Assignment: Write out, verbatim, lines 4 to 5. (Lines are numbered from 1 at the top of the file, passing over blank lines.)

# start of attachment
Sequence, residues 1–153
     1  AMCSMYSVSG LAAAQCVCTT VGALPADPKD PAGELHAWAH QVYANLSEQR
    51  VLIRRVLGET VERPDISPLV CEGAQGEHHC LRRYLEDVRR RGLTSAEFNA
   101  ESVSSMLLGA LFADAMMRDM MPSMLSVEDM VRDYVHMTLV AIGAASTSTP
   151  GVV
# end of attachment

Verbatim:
   101  ESVSSMLLGA LFADAMMRDM MPSMLSVEDM VRDYVHMTLV AIGAASTSTP
   151  GVV